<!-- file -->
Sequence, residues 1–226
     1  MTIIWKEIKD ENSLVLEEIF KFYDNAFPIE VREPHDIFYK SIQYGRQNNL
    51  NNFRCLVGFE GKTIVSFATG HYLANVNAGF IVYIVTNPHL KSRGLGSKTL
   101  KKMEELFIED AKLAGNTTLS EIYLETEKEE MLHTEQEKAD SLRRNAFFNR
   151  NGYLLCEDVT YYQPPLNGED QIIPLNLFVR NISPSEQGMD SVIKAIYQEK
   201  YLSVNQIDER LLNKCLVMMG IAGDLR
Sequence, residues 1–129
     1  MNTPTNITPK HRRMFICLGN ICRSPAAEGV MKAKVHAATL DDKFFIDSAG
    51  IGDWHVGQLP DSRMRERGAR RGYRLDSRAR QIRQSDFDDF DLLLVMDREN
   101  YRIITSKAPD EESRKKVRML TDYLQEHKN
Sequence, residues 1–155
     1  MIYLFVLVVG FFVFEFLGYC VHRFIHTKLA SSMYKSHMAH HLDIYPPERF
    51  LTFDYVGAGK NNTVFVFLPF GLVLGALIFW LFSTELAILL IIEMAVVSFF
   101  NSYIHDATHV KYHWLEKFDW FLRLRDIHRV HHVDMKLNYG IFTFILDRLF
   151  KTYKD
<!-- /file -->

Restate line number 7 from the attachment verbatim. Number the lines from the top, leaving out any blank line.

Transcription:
Sequence, residues 1–129